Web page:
Calif. pushes back on Trump lightbulb rule

Source: By Carlos Anchondo, E&E News reporter • Posted: Sunday, November 17, 2019

A California agency voted this week to establish stronger energy efficiency standards for lightbulbs across the state, pushing back against a Trump administration rule in September that rescinded Obama-era standards.

The California Energy Commission (CEC) elected to adopt updated energy efficiency standards that will prevent the sale of inefficient lightbulbs in the state, starting Jan. 1, 2020. The commission — which aims to lead California to a “100 percent clean energy future” — voted to enact federal regulations on lightbulbs as they were originally drafted, including an Obama plan released in 2017 that would have expanded the types of bulbs subject to stricter efficiency levels.

All five commissioners voted for the measure. J. Andrew McAllister, lead commissioner for energy efficiency, said the rulemaking “clarifies the scope to which our existing 45-lumens-per-watt standard applies.” A 2007 energy law set the 45 lumens per watt for regulated bulbs, which can be met only by compact fluorescent bulbs and light-emitting diodes (E&E News PM, Feb. 6).

“It does not establish new or amended regulations,” McAllister said at the Wednesday meeting.

This move comes two months after the Department of Energy withdrew the 2017 provision. DOE also cut efficiency standards for pear-shaped incandescents from being enacted in January (Greenwire, Sept. 4).

At the time, a DOE official told E&E the new set of rules was “not a rollback of standards” and that the move would enhance consumer choice. A DOE spokeswoman said yesterday the department’s previous comments on the matter still stand.

California and other states have argued that the Trump administration’s cancellation of the energy-efficient standards for lightbulbs is illegal and would be not only costly to customers but would have negative environmental impacts.

California Attorney General Xavier Becerra (D) filed a lawsuit on Nov. 4 challenging DOE’s lighting rule. He said the Trump administration “needs to move on from old-fashioned technologies and yesterday’s way of doing business” in a press release announcing that filing.

“We can’t afford to turn our back on progress,” Becerra said in a statement.

At the Wednesday meeting, McAllister said commission staff and the chief counsel will continue to support the attorney general’s office in its efforts in the courts, with other states as partners.

A constitutional violation?

Andrew deLaski, executive director of the Appliance Standards Awareness Project, said states are “stepping up” to make sure lightbulbs sold to consumers aren’t wasting energy. He said the vote makes California the fifth state with lightbulb efficiency standards that will be effective at the start of 2020.

“Unfortunately, the Trump administration has dedicated itself to protecting outdated, wasteful incandescent technology first introduced in the 1800s,” deLaski said.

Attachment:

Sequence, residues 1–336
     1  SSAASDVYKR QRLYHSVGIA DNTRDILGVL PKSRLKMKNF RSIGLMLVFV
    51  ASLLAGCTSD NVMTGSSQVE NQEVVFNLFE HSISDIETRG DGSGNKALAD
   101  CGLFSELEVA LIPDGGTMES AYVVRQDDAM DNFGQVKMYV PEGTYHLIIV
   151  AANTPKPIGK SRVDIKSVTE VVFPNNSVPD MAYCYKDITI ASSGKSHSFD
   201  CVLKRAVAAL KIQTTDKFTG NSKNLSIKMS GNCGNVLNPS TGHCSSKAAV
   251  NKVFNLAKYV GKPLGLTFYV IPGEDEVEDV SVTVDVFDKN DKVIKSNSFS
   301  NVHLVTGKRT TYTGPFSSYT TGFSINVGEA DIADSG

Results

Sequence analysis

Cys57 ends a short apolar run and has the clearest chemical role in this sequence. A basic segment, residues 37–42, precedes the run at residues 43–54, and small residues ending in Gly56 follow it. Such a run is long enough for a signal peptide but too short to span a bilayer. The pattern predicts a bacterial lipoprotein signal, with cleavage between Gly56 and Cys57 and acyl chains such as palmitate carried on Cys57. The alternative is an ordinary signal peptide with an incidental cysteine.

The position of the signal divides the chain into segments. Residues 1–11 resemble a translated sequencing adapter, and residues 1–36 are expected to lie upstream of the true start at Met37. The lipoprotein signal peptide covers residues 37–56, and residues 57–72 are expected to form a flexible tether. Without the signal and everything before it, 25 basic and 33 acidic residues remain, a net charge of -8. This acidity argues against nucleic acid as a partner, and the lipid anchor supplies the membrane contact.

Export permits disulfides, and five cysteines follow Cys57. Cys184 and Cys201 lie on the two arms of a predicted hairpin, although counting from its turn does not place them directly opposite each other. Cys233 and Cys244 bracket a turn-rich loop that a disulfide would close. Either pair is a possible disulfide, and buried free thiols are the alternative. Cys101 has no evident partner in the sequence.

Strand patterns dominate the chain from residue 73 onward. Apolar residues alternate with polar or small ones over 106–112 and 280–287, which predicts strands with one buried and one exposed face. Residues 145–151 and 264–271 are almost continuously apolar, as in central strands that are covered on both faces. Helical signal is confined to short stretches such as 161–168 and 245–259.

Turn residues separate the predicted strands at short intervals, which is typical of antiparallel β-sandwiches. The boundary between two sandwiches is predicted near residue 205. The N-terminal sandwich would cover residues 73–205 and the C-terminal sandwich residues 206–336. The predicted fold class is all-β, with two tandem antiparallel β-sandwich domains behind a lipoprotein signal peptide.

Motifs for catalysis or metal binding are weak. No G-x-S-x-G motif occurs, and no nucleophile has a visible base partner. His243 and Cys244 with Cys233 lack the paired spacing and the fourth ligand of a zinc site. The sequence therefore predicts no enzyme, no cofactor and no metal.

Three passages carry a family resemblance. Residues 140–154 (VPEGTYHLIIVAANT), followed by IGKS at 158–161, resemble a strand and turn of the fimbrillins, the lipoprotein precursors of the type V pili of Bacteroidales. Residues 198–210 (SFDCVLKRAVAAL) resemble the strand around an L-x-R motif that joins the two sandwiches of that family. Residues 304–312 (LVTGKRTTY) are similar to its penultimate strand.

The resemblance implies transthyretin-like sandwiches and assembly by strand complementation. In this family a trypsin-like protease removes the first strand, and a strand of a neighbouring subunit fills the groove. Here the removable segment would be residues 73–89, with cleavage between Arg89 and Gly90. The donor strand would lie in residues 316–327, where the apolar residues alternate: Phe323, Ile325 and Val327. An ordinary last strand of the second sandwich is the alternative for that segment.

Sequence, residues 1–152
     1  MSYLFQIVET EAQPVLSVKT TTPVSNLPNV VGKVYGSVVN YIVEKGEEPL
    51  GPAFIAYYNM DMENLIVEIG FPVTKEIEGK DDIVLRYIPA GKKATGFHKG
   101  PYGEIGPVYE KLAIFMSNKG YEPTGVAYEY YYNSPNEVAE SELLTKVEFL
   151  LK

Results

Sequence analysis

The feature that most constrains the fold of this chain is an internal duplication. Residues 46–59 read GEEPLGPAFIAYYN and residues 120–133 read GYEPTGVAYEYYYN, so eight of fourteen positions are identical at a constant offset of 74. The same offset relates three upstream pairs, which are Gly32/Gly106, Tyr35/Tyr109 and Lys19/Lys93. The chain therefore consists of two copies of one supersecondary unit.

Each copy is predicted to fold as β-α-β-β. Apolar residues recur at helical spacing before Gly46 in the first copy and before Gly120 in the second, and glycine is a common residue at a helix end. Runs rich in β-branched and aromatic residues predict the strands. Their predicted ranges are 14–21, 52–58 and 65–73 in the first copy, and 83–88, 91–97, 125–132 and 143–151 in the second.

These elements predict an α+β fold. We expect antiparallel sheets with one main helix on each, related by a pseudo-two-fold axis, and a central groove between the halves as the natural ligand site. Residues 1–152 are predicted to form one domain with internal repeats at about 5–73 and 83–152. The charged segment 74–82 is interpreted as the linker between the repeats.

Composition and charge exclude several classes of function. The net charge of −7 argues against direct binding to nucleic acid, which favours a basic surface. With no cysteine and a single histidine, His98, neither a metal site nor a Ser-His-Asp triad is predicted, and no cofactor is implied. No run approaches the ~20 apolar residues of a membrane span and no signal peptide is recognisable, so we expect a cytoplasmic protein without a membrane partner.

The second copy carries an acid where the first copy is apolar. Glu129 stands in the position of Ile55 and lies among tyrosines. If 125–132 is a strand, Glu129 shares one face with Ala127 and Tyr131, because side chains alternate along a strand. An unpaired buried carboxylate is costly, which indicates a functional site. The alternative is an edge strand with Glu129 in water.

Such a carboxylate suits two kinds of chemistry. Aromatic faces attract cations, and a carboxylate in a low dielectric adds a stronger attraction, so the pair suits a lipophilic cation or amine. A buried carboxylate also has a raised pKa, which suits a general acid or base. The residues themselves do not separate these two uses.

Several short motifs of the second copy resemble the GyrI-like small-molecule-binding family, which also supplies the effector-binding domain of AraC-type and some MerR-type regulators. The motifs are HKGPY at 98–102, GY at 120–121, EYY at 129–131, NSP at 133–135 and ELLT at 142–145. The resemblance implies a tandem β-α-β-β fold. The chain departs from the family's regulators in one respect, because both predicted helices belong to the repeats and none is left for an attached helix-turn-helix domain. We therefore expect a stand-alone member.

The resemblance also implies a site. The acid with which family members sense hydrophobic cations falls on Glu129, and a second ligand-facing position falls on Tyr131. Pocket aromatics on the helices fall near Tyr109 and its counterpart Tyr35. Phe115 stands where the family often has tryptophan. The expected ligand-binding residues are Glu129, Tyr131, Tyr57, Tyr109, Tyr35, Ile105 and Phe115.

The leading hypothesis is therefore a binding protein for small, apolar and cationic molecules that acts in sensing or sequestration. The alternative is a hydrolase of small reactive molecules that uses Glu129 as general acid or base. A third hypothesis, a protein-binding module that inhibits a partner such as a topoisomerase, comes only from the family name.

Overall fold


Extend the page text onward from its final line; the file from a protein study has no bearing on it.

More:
He said many state leaders recognize that LEDs are not only low-cost and high-quality, but also a “smart way” to reduce climate change emissions from the power sector. DeLaski said that California is significant because of its market size and that as more states adopt their own standards, the share of U.S. residents who live in a state with lightbulb standards will likely grow.

However, Clark Silcox, general counsel for the National Electrical Manufacturers Association, said the rule adopted by the commission violates the supremacy clause of the U.S. Constitution. He said the energy and environmental benefits that are being claimed are considerably smaller than the commission says.

“The CEC significantly underestimated the number of LED lamps sold already and will be sold in the absence of regulation and has overestimated the number of incandescent lamps being sold and will be sold in the absence of regulation,” Silcox wrote in an email. “The market has already beat the regulators. That is true nationally.”

The lighting market is already aligned with national energy conservation and environmental policy, Silcox said.

Nevertheless, Noah Horowitz, director of the Center for Energy Efficiency Standards at the Natural Resources Defense Council, said the efficiency standards will stop the release of millions of tons of climate change pollution from power plants that would otherwise have to keep inefficient bulbs lit. Consumers will still have a wide range of LED lightbulbs to select from that will have the same amount of light as halogen or incandescent bulbs, all with a fraction of the energy, he said.

“Kudos to California for taking this important action despite the likelihood of future lawsuits from the lighting companies, which are desperately trying to preserve their ability to sell energy-wasting incandescents to less-informed consumers as long as possible,” Horowitz wrote in a blog post after the commission’s vote.